SAP HR 2016 was a return to my home territory as a speaker. The last time I spoke at an SAP Insider conference (HR conference) was in 2010. So, it has been a while. A lot has changed in the SAP HCM landscape since then. And I have in some ways, moved onto doing more exciting things – not entirely away from SAP HCM, but onto more generic HCM technologies & Mobility in particular. This year, I decided to test how much of a thirst is there among the audience, especially the ones attending SAP HR conferences, for my current pet topic, “Employee Engagement” and decided to submit an abstract during the fall of 2015. I was very clear that this topic is not SAP specific.
The SAP Insider HR conference producers apparently thought there was enough interest in my topic and in my abstract & selected my topic and invited me to speak. I have to thank them for their confidence in me. Creating the right content for this session was not very difficult, but I had fun doing it. And also, it helped me organize what I wanted to convey to my audience in a very organic and an organized way. I delivered my session today (02/26) as scheduled and I was satisfied with the overall flow, reach and audience participation.
Thorsten Gorny and Steve Ditty, my lovely colleagues from Cogent IBS accompanied me to Las Vegas this year. We had a great time bonding & talking about HR, Coobo, Cabaana and Cogent in general.
Here are a few pictures from the last 4 days.
If you are interested in downloading/reading my presentation, here you go…
Can you measure happiness? More importantly, assuming you can measure happiness, can you control happiness through measurable parameters? And even more importantly, assuming you can control happiness through measurable parameters, how much control do you have over those parameters versus the control your environment has?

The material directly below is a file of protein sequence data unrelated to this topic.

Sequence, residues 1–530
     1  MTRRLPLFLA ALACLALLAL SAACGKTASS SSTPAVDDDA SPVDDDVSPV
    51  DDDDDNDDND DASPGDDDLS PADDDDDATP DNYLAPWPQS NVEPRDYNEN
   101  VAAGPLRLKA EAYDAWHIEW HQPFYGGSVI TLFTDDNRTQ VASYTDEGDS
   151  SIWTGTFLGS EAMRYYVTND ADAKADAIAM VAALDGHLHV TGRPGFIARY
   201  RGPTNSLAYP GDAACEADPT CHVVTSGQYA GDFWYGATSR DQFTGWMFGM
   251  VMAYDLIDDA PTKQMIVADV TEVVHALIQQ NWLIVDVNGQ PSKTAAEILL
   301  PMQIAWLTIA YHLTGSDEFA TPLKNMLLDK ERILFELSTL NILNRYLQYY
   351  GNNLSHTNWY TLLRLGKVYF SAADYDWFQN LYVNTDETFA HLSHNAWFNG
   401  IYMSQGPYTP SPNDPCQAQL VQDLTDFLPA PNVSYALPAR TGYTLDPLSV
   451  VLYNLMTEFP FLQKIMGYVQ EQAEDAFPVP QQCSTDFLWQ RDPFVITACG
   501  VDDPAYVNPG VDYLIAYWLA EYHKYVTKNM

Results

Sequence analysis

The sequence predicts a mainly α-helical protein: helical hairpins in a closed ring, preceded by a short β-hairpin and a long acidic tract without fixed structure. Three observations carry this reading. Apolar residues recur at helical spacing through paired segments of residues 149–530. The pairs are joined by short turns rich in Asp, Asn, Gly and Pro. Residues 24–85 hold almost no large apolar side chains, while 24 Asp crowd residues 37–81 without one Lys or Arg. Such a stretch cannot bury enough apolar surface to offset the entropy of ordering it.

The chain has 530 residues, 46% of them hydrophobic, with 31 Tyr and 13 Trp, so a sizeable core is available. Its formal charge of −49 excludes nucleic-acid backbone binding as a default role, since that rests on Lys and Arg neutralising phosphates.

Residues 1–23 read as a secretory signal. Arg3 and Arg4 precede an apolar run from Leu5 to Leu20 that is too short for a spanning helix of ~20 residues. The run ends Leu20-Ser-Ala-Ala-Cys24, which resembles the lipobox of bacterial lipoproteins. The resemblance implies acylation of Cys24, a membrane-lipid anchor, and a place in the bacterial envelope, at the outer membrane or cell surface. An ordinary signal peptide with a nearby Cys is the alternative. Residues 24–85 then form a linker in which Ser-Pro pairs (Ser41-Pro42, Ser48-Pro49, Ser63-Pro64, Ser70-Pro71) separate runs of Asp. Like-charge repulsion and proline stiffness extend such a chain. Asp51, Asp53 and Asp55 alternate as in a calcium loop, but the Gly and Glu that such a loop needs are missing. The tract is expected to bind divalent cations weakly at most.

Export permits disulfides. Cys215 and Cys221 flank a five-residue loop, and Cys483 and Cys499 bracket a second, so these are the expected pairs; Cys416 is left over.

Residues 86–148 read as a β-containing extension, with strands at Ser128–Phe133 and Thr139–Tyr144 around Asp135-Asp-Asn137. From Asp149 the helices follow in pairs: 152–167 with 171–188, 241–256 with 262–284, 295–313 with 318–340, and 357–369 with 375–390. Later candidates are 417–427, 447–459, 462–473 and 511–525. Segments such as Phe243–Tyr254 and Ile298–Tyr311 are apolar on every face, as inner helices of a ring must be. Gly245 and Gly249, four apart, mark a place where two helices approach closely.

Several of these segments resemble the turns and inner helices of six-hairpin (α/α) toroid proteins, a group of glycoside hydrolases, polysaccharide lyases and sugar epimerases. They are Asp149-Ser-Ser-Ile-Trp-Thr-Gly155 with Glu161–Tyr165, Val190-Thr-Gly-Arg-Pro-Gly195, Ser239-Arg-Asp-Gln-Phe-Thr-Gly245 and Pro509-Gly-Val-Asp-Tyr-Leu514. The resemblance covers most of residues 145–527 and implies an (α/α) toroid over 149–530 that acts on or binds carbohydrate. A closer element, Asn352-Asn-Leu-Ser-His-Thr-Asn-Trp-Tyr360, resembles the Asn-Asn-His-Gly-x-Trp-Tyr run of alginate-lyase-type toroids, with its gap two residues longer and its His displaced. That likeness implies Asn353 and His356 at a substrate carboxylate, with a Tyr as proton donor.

A very interesting computational model tries to explore this above question.
And we at Cogent, have been doing our own research on Happiness in a totally different context (Employee Happiness). Needless to say, this is exactly why this study caught our eyes.
The subjective well-being or happiness of individuals is an important metric for societies. Although happiness is influenced by life circumstances and population demographics such as wealth, we know little about how the cumulative influence of daily life events are aggregated into subjective feelings. Using computational modeling, we show that emotional reactivity in the form of momentary happiness in response to outcomes of a probabilistic reward task is explained not by current task earnings, but by the combined influence of recent reward expectations and prediction errors arising from those expectations. The robustness of this account was evident in a large-scale replication involving 18,420 participants. Using functional MRI, we show that the very same influences account for task-dependent striatal activity in a manner akin to the influences underpinning changes in happiness.
Read more to see how the formula for happiness could be this.
Source: PNAS (Proceedings of the National Academy of Sciences of the United States of America)